Your apple butter is looking lovely! I always start with making apple sauce on the stove top. I place apples (peeled and cored) in a large heavy sauce pan along with about an inch of water. I cook it on high until it really boils and then back down to medium with the lid on, stirring occasionally until they are cooked through. I then blend and transfer to a crockpot, I add spices desired, some orange zest, orange juice and sweetener. I cook for 12 to 16 hours on medium with the lid tilted or resting on some butter knives.


Angela Liddon October 3, 2016 at 3:30 pm

Thanks for sharing, Mary!


Lana October 13, 2016 at 7:45 am

I am having the same problem…did you figure it out


Monica Culberson November 5, 2016 at 9:40 am

I actually made apple butter for the first time yesterday. Pretty much the same recipie you used except I went with the sugar ;) after you show cook it for 12 hrs you need to use a blender or hand held blender to smooth it out.


Lori November 9, 2016 at 2:25 pm

I am new to making apple butter, but from my short experience I’ve learned these things…it does take several hours in a slow cooker and I have 2. When I cook a batch in each at the same time, I will have an apple sauce consistency in one and huge chunks in the other all because one gets much hotter on low setting than the other. Of course the slower unit will eventually cook them down. But some units just get hotter faster even if both are set on low. Also some apples cook up better than others. Cortland apples cook up perfect. This year, I couldn’t get any, so I’m cooking Cameo apples. They are a little chunkier, but I like the texture. Cooking with lid ajar, or off at the end, will help it thicken up. Now. I’m going to try pumpkin butter. Thanks!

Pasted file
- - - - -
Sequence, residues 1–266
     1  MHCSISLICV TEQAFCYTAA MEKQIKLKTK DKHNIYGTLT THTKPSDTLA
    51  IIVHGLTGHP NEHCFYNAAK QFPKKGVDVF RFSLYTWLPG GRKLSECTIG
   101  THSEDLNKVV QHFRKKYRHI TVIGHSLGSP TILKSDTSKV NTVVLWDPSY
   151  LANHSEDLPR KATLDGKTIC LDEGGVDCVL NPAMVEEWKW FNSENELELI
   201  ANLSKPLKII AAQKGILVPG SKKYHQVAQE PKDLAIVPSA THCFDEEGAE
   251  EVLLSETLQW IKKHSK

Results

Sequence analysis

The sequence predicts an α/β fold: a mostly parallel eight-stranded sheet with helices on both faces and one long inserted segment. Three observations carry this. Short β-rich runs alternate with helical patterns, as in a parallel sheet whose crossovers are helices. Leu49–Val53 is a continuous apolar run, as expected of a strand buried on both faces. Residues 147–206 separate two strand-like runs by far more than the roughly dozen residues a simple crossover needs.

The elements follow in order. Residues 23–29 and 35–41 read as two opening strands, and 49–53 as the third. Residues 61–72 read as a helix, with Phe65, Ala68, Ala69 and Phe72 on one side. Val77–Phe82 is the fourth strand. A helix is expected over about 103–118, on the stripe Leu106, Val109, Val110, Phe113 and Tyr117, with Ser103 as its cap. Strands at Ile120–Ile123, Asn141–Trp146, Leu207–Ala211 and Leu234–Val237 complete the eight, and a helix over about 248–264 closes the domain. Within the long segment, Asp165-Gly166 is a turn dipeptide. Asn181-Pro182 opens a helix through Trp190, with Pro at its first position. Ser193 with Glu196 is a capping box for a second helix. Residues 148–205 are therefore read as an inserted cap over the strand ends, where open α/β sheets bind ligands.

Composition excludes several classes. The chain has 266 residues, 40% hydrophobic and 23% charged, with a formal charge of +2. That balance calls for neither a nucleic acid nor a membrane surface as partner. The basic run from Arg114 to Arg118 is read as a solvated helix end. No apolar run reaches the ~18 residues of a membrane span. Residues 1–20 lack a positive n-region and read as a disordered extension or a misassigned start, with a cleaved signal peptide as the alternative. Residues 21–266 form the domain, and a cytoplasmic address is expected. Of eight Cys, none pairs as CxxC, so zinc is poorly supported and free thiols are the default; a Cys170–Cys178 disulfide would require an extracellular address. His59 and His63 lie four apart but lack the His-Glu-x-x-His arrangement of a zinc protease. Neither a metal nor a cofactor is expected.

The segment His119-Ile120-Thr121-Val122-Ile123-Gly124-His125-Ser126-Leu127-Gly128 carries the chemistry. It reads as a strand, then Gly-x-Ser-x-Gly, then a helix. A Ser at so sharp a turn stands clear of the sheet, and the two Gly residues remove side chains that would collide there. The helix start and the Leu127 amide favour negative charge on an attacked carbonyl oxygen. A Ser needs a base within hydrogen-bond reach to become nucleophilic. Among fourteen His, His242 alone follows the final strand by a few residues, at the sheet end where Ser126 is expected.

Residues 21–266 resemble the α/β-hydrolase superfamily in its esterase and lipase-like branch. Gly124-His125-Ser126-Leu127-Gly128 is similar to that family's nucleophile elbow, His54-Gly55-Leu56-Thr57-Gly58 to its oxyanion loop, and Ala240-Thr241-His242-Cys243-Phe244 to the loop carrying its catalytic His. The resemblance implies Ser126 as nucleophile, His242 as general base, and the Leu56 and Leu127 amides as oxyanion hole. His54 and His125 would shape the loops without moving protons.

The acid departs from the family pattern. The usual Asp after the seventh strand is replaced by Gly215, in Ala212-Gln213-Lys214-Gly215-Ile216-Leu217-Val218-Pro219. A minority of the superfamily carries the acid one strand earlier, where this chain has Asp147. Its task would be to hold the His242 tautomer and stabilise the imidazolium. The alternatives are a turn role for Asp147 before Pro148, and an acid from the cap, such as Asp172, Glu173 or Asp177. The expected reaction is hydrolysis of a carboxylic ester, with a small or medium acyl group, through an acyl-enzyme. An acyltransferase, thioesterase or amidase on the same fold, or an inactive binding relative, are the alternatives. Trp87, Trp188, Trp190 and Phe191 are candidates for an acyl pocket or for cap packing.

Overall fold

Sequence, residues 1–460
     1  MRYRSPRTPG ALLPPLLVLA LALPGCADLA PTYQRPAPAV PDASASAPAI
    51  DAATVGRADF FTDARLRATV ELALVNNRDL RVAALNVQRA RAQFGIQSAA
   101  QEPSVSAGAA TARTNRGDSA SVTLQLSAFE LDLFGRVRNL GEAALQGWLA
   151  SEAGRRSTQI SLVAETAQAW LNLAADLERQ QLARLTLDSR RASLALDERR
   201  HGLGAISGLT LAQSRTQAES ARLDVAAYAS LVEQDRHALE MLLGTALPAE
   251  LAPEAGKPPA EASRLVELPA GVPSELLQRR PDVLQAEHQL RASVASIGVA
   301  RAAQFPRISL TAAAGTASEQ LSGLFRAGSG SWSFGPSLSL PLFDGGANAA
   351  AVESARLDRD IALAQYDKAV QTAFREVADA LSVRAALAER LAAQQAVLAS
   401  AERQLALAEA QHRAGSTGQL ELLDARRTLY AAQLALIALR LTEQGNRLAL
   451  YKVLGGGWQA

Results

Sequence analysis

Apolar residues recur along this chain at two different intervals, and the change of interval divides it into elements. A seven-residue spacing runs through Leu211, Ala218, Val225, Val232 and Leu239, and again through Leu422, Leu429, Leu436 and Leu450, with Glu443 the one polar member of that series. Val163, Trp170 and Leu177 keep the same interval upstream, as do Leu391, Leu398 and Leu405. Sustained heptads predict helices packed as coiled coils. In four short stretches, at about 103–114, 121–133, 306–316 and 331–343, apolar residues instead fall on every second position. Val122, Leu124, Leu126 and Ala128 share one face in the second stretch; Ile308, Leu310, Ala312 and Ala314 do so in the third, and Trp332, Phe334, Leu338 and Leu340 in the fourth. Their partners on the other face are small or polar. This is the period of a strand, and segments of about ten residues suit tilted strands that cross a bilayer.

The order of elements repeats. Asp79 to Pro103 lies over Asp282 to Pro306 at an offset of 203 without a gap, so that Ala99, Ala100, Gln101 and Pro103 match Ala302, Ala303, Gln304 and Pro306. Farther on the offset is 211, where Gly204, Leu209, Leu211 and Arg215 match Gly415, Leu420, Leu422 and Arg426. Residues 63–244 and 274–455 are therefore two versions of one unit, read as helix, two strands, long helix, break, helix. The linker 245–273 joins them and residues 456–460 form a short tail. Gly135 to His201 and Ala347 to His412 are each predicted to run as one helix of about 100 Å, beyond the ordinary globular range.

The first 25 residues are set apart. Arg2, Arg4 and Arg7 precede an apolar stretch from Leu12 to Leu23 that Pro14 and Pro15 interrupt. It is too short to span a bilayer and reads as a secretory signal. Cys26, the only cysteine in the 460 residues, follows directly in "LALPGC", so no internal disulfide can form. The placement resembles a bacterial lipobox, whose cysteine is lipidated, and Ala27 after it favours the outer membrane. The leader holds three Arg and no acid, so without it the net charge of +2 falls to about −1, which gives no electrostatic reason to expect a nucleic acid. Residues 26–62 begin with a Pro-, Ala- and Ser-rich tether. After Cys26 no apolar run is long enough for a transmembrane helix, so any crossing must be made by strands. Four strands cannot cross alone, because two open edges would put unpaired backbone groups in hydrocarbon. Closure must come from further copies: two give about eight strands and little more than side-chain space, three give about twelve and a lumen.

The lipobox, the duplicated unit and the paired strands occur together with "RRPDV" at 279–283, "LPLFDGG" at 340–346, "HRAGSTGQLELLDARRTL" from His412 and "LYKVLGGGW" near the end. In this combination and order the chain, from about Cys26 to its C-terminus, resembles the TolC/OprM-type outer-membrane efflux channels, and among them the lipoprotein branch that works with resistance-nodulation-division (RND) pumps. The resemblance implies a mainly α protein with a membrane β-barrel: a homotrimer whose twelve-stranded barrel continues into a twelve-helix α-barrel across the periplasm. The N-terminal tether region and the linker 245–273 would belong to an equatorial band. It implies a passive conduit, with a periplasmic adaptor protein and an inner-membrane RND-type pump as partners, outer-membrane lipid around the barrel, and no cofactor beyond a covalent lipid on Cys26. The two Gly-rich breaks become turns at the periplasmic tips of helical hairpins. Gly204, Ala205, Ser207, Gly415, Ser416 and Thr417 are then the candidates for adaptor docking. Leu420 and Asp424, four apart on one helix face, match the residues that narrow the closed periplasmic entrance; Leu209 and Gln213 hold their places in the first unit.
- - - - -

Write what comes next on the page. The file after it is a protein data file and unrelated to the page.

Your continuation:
derek krueger September 16, 2017 at 1:34 am

I had the same problem with my first batch last year.But I found the cure !!!!! It tasted great but was runny and I followed a recipe that had hundreds of rave reviews. After putting it in jars and doing the water bath, when it cooled you could actually see the separation of juice at the bottom : (
I was very unhappy! I made a double batch of runny sweet tasting goop that would run right off the edge of my toast.Not good.
I looked at bunches of recipes online and after about 4 hours of mind bending internet reading I found the cure (at least it’s worked for me now 2 years in a row) !
I had been coring my apples before cutting into pcs. I found out the core area around the seed actually contains a natural chemical that works like pectin!
I made the next batch the same way as the first but left the cores in. After I cooked apples down into a mushy consistency I removed the apple mush and ran through a sieve attachment on my food processor to remove any seeds or course pieces from core. Then I put back in crock pot and cooked on low for another eight hrs without lid .
It came out thick dark and delicious. No more running off my toast or peanut butter sandwiches ! It was a little more work, but well worth it.


derek krueger September 16, 2017 at 1:43 am

OOPS,forgot to mention. After simmering for eight hrs put a couple TBSPs in a bowl and let chill in fridge until cool then test consistency. This will show you what your gonna end up with and let you know if you need to simmer longer. It will always be runnier when hot.
Hope this helps.